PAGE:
It was a second instance where I was observing a group of school going kids visiting a tourist destination under the supervision of their teachers. No it was not Canada, USA, any European country, or a developed Asian country like Malaysia. This was at a historic fort in Pakistan, a country that was written off the tourism map due to terrorism, but is increasingly claiming top spot in the adventure travel category.
This was in September – October of 2018, when I took a whirlwind touristic trip to Pakistan. The trip turned out to be the most exciting adventure of my life. I was not only able to relive some of my childhood memories in the company of my siblings, but was also able to confirm that Pakistan has the ingredients to become a leading destination for many segments of domestic and international tourists.
1. Confluence of architectural styles
Being a civil engineer by education and lingering interest, I was interested in seeing Pakistan’s historical Mughal and British colonial and neo-Islamic architecture.
We visited Rohtas Fort near Jehlum to observe an example of Mughal architecture. The Fort was built by Sher Shah Suri in the middle of the 16th century. Suri gave India and Pakistan the Grand Trunk Road or the GT Road as it is affectionately called. Rohtas Fort fused architectural and artistic elements from Turkey and Asian sub-continent that laid the foundation of a distinct Mughal architectural style.
We visited several destinations, such as Frere Hall in Karachi, to observe an example of British colonial architecture.
The building stood tall in all its grandeur and majesty in the heart of that busy city. There were few professionals busy in taking creative wedding shots. I, on the other hand, took shots of wild birds against the contours of the building, as I usually do.
My trip to St. Patrick’s Cathedral with my sister, two nephews, and a niece turned out to be a success from spiritual point of view, but a failure from photography point of view. I had to get Parish Priest’s approval. We waited for an hour for him, but he was busy in a meeting.
The aesthetically designed cathedral was built in 1878 and celebrated its centenary in 1978.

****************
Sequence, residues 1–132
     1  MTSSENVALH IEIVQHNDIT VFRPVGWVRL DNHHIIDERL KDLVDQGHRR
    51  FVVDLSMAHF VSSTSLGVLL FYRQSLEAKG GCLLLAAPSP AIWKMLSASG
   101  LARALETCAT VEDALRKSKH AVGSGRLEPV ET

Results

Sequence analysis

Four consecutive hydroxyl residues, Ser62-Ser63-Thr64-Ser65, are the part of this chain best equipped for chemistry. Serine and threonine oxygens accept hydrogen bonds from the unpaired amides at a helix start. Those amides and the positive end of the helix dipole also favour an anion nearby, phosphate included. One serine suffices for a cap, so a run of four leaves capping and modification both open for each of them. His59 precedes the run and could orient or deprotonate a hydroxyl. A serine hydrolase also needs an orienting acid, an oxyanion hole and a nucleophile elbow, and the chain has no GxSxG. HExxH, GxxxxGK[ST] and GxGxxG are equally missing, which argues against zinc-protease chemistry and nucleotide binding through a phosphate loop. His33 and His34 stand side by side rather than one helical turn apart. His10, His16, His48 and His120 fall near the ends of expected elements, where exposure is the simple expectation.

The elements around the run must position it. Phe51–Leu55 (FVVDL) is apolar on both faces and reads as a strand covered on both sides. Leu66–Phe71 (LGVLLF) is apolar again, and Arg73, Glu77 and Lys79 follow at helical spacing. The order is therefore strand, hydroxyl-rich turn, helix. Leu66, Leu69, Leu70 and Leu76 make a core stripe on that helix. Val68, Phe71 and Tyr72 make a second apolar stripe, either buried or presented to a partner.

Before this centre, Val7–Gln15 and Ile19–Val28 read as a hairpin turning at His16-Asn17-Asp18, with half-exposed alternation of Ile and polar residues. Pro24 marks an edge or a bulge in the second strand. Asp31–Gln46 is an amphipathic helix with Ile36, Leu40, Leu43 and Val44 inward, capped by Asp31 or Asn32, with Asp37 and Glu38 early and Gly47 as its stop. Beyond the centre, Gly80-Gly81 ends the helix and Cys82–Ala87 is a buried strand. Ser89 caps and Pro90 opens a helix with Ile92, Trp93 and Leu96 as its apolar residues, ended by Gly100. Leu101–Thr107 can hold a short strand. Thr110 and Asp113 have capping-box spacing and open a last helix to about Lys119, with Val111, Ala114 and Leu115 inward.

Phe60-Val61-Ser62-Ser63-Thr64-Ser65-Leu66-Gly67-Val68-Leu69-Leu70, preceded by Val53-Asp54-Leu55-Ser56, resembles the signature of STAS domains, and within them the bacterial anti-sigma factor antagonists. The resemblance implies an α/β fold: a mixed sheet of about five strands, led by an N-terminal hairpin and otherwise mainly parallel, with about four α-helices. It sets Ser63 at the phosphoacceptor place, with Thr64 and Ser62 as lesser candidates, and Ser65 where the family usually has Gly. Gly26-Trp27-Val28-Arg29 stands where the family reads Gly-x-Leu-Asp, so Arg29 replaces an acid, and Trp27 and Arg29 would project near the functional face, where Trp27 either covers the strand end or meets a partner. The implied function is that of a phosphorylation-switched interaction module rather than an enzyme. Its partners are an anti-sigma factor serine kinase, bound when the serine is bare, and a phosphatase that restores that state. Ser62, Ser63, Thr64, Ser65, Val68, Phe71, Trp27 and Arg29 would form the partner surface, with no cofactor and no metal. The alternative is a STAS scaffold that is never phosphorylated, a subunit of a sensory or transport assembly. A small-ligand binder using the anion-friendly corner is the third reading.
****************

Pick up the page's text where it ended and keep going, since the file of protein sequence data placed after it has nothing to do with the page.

Finally, we observed buildings and structures showing neo-Islamic architecture at all destinations we visited.
2. Religious attractions
Observing my fascination with places of worship of different faiths, my sister in law took me to the beautiful village of Saidpur, near Islamabad. The picturesque village was nestled at the foothills of Margalla and was home to a Sikh Gurdwara, which has been designated as a heritage site.
While I traveled to Karachi, 1000 km south of Islamabad, my two brothers, sister, and their families decided to visit beautiful Kathas Raj temples in western Punjab where Hindu pilgrims come as far as from India.
3. Birding and wildlife photography
The diversity of wildlife has the capacity to attract birders and wildlife photographers from across the globe.
I was impressed by the variety of birds visiting the gardens of my two siblings. In two days alone, I was able to take shots of 23 different species of birds in their two respective home gardens, but this is nothing compared to the list of 555 birds that my wildlife photography loving friends have compiled for all to see on the facebook page of Birds of Pakistan.
I found rhesus macaques flourishing in at the foothills of Margalla Hills National Park and in upper Galyat. Their abundance means that common leopard may be able to make a full comeback in the lower Himalayas. Indeed, a roadside exhibit near Ayubia claimed the region as home of the common leopard.
Activities for adventure travelers: Wildlife photography throughout Margalla Hills National Park and the Galyat along the main road.
Other more exquisite wildlife that can be observed is as follows:
Pakistan is a multicultural, multi-ethnic and multilingual country. The convergence of the cultures is best reflected in country’s cuisine.
I found the food to be delicious all over where we went– Islamabad, Galyat, Taxila, Nowshera, Mangla, and Karachi. The local restaurants, aesthetically designed, unlike 20 years ago, were serving top quality food from all the nooks and corners of the country.
5. Bonus attraction – lower mountains
The country boasts of 3 greatest mountain ranges of the world – . The country attracts thousands of rock climbers and mountaineers to conquer the mountains.
As a tourist, I was not planning to undertake any rock or mountain climbing adventures in the Himalayas, Karakorums and the Hindu Kush. Instead, my siblings and I explored lower Himalayas in the Capital Territory and in Punjab and Khyber Pukhtukhwa provinces. These hill stations are, on the average, about 2200-3000 meters above sea level offering such activities for tourists as motorcycling, bicycling, hiking, and visiting historic buildings.
2 thoughts on “A Pictorial Guide – My Trip to Pakistan for Exploring Off the Beaten Path Attractions”
Enjoyed reading your blog and the photos.
Thank you Surendar. I really appreciate it.